Propofol Compared to Midazolam Sedation and to General Anesthesia for Percutaneous Microwave Ablation in Patients with Hepatic Malignancies: A Single-Center Comparative Analysis of Three Historical Cohorts

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Abstract

Purpose: In percutaneous ablation procedures, periprocedural pain, unrest and respiratory concerns can be detrimental to achieve a safe and efficacious ablation and impair treatment outcome. This study aimed to compare the association between anesthetic technique and local disease control in patients undergoing percutaneous microwave ablation (MWA) of colorectal liver metastases (CRLM) and hepatocellular carcinoma (HCC). Materials and Methods: This IRB-exempted single-center comparative, retrospective analysis of three cohorts analyzed 90 patients treated for hepatic malignancies from January 2013 until September 2018. The local tumor progression-free survival (LTPFS), safety and periprocedural pain perception were assessed using univariate and multivariate Cox proportional hazard regression analyses to correct for potential confounders. Results: In 114 procedures (22 general anesthesia; 32 midazolam; 60 propofol), 171 liver tumors (136 CRLM; 35 HCC) were treated with percutaneous MWA. Propofol and general anesthesia were superior to midazolam/fentanyl sedation regarding LTPFS (4/94 [4.3%] vs. 19/42 [45.2%] vs. 2/35 [5.7%]; P < 0.001, respectively). Local tumor progression rate was 14.6% (25/171). Eighteen tumors (72.0%) were retreated by ablation. Of them, 14 (78%) were previously treated with midazolam. Propofol versus midazolam (P < 0.001), general anesthesia versus midazolam (P = 0.016), direct postprocedural visual analog pain score above 5 (P = 0.050) and more than one tumor per procedure (P = 0.045) were predictors for LTPFS. Multivariate analysis revealed that propofol versus midazolam (HR 7.94 [95% CI 0.04–0.39; P < 0.001]) and general anesthesia versus midazolam (HR 6.33 [95% CI 0.04–0.69; P = 0.014]) were associated with LTPFS. Pain during and directly after treatment was significantly worse in patients who received midazolam sedation (P < 0.001). Conclusions: Compared to propofol and general anesthesia, midazolam/fentanyl sedation was associated with an increased periprocedural perception of pain and lower local tumor progression-free survival. To reduce the number of repeat procedures required to eradicate hepatic malignancies, general anesthesia and propofol sedation should be favored over midazolam.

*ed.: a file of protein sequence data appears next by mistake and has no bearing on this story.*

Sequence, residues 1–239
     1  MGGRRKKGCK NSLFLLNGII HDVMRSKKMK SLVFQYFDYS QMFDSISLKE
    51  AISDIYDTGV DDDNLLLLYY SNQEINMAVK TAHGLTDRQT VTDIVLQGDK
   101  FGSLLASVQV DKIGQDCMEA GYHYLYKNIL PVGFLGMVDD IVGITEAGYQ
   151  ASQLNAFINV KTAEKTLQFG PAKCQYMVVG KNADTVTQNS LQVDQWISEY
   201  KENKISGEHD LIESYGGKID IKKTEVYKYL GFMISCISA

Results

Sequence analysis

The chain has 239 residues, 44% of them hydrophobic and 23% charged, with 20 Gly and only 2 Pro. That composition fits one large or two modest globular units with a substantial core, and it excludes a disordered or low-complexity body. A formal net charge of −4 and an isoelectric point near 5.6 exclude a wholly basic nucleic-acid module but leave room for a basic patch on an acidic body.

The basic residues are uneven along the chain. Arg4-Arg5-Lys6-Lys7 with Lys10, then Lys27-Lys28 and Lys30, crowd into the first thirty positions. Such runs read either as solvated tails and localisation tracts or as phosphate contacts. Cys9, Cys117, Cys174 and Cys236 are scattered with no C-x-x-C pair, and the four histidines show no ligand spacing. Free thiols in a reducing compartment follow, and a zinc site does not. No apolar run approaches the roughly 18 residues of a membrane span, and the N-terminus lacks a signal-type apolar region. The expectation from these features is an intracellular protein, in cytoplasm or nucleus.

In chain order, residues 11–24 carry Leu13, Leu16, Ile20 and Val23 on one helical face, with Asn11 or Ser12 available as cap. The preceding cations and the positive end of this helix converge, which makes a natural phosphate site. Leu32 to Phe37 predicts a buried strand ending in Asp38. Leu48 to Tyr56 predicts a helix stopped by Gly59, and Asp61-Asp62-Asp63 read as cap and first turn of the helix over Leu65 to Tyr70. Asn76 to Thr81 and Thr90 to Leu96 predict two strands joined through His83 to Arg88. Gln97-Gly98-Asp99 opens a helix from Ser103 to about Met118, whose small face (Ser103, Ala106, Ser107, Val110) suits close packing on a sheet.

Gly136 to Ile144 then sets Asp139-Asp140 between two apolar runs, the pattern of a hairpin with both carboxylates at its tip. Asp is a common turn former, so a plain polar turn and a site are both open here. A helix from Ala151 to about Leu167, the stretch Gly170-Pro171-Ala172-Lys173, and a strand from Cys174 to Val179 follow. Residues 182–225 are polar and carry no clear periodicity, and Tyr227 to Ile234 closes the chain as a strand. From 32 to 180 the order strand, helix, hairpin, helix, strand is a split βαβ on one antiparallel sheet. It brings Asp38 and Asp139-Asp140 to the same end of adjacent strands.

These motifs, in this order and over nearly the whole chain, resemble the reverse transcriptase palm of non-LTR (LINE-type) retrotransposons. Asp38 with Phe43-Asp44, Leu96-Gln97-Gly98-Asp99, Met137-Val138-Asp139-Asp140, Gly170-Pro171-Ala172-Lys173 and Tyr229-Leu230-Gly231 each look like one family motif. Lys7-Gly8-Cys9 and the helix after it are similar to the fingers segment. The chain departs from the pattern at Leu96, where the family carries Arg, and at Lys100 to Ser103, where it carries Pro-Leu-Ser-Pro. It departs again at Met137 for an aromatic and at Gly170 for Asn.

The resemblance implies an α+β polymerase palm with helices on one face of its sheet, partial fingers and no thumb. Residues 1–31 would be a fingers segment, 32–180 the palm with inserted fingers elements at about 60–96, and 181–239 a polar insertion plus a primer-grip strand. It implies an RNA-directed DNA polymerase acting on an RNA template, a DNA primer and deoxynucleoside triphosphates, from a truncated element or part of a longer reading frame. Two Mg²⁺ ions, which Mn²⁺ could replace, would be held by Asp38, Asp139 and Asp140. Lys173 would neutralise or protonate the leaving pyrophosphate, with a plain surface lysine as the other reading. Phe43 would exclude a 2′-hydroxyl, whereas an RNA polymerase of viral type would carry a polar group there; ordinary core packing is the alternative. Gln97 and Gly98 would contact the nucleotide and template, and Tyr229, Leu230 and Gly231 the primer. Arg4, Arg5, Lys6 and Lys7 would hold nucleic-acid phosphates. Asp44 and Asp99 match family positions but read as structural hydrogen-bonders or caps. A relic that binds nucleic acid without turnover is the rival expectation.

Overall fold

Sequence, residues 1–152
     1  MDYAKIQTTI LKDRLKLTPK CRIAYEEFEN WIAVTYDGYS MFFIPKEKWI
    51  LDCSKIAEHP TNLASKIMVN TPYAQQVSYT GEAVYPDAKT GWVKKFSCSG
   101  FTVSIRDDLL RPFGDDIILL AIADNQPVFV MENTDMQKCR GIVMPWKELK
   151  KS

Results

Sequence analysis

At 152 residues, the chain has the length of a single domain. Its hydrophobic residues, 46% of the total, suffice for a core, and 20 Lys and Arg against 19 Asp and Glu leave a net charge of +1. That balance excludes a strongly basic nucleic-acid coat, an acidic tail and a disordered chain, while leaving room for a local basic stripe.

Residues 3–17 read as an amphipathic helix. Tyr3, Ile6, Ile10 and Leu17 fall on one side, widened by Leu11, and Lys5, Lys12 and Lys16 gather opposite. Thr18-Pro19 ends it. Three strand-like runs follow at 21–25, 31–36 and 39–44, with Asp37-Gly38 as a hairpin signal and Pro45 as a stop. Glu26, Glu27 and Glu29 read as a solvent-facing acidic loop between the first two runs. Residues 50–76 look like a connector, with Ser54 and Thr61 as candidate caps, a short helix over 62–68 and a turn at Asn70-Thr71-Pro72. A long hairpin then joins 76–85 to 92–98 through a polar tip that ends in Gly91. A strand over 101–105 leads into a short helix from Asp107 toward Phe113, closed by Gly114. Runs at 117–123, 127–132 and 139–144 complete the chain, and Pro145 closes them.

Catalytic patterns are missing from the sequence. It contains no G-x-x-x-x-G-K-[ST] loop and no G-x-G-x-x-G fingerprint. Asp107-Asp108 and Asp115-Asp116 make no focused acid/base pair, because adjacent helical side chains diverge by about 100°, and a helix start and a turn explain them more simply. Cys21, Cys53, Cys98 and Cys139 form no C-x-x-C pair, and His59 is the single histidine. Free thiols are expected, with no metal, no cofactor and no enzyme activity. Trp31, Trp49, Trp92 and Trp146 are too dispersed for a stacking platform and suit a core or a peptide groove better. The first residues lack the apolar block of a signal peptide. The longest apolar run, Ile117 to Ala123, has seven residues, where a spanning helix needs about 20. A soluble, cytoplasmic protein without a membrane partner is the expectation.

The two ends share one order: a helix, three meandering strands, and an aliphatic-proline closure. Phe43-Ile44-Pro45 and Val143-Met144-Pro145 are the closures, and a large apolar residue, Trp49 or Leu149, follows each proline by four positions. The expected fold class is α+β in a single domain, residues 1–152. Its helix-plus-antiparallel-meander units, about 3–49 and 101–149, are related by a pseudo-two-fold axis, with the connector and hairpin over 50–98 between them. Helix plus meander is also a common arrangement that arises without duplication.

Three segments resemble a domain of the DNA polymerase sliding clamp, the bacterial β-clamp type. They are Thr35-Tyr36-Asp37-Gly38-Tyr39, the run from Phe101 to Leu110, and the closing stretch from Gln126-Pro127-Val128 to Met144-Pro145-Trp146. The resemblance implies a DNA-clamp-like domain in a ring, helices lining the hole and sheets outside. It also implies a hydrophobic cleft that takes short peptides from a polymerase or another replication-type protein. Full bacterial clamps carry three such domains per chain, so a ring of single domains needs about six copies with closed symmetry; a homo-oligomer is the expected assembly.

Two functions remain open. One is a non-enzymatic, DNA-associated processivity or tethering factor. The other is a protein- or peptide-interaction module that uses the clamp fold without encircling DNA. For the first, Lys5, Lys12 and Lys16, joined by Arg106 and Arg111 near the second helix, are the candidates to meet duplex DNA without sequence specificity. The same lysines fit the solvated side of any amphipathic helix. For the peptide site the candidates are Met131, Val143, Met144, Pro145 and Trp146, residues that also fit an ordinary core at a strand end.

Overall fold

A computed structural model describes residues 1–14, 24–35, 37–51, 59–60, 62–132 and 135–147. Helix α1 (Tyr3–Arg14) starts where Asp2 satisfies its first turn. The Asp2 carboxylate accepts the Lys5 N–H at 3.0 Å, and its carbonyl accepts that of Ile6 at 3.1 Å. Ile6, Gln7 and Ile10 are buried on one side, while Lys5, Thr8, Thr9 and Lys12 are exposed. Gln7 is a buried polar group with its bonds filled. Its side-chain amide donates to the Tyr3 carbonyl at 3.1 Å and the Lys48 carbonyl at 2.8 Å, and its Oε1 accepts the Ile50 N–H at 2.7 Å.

Original languageEnglish
Pages (from-to)1597-1608
JournalCardioVascular and Interventional Radiology
Volume42
Issue number11
DOIs
Publication statusPublished - 1 Nov 2019

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